Growers hoping to seed their final canola acres this week or next week may want to consider the following tips to deal with a shortened growing season.
Start with a look at the average date of first fall frost. This will tell you how much growing season you have left — on average. Click your province for a map showing average dates for first fall frost: Alberta Saskatchewan Manitoba. (Click here for frost probabilities for each station on Alberta’s AgroClimatic Information Service (ACIS) website.) Most fall frosts occur within two weeks either side of the average date for your area. For example, if the first fall frost is between August 31 and September 6, on average, then a variety with 100 days to maturity should be seeded this week to be on the lower risk side for fall frost damage.
Choose an earlier-maturing variety. Switching from a long-season B. napus (Argentine) to an early-season B. napus can gain a week. Switching to a B. rapa (Polish) variety can gain two weeks, but this has its downsides. B. rapa canola has lower yield potential to start with and B. rapa varieties do not offer herbicide tolerance, which can make volunteer management difficult — especially with tight rotations. A canola field with young B. rapa plants and larger volunteer B. napus coming through will have much different maturities, and will present challenges all season for disease management and harvest. Using the Canola Performance Trials online tool, you can search by “days to maturity” as well as yield.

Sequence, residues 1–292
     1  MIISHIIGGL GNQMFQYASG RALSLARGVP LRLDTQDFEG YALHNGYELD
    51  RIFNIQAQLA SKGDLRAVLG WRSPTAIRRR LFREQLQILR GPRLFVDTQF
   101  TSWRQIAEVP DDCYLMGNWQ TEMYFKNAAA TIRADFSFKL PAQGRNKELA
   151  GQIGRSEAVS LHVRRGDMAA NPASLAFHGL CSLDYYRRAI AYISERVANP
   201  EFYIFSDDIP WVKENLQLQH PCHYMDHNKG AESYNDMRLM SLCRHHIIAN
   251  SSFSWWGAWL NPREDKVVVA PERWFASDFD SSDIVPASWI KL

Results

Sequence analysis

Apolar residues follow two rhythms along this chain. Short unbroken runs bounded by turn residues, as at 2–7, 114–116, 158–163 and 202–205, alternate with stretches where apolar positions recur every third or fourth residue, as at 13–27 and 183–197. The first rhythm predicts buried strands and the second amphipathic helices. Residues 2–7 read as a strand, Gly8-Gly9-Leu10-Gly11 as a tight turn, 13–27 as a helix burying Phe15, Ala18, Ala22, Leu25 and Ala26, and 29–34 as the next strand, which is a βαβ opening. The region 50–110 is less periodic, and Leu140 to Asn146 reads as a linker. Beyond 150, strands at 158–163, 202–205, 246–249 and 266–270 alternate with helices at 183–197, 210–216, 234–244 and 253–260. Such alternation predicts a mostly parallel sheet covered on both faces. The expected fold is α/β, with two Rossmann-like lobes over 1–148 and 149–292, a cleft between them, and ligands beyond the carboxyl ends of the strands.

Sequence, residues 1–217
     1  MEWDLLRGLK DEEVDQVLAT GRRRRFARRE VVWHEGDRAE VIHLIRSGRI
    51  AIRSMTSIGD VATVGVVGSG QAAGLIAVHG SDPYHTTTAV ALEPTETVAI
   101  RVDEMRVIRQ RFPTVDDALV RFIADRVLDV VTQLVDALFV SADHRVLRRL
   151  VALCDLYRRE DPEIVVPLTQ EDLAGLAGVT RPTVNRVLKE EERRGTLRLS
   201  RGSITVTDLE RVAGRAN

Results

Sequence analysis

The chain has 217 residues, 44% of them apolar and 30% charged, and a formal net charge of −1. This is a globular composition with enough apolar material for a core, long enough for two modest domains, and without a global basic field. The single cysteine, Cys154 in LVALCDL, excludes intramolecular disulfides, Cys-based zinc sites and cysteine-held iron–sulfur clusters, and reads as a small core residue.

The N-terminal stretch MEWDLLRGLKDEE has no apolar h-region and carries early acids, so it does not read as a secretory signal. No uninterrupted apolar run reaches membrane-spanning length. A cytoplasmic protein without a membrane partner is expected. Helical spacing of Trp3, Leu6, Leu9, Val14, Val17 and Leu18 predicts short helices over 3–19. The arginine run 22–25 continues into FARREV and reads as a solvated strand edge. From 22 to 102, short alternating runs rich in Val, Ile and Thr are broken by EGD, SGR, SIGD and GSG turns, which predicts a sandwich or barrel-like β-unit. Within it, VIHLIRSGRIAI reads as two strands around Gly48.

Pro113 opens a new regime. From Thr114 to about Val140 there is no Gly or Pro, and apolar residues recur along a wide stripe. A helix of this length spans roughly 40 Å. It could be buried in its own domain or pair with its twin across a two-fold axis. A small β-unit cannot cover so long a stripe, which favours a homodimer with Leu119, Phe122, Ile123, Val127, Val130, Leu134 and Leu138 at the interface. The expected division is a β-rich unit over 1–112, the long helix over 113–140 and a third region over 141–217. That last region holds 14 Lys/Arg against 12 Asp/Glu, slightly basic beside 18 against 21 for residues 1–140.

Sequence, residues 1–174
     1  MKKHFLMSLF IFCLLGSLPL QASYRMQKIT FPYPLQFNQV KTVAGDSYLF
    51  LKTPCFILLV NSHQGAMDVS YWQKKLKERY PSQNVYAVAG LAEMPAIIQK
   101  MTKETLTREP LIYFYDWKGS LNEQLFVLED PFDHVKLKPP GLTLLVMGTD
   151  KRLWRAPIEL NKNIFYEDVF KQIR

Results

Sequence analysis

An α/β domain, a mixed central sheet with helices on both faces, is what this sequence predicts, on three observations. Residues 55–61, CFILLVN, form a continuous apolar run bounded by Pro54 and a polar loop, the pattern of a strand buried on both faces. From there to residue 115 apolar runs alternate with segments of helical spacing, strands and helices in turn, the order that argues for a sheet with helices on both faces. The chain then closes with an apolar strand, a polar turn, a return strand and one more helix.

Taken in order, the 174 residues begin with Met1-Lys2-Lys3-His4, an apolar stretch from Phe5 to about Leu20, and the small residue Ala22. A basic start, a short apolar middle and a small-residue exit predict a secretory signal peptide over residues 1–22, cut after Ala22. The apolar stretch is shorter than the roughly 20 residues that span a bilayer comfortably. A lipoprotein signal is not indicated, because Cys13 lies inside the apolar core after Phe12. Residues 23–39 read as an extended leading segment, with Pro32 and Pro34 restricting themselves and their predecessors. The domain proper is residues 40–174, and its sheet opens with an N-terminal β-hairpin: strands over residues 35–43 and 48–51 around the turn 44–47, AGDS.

Seed shallow. This is always a good idea, but especially this time of year. Canola seeded half an inch deep can emerge 3 or 4 days earlier than canola seeded deeper.
Increase the seeding rate. A higher rate means a more dense stand, which means less branching and overall earlier maturity. This can gain a day or 2.
Use seed-placed phosphate fertilizer. Pop-up phosphate fertilizer applied with the seed can gain a day or 2, but this effect will be diminished by warmer soil temperatures and higher soil P levels.
Reduce nitrogen rates. Lower nitrogen availability means the crop will not be vegetative for as long, which means the crop will mature a day or 2 earlier.
Finally, consider the profit potential of other crops. Yield potential for all crops drops with late seeding. Will a lower yielding canola crop provide a better return than a lower yielding wheat or barley crop? Take time to pencil out the economics. The following table from Manitoba crop insurance data shows yield potential of canola for each week through May and up to the third week of June.
Here are more tips for growers seeding canola in June: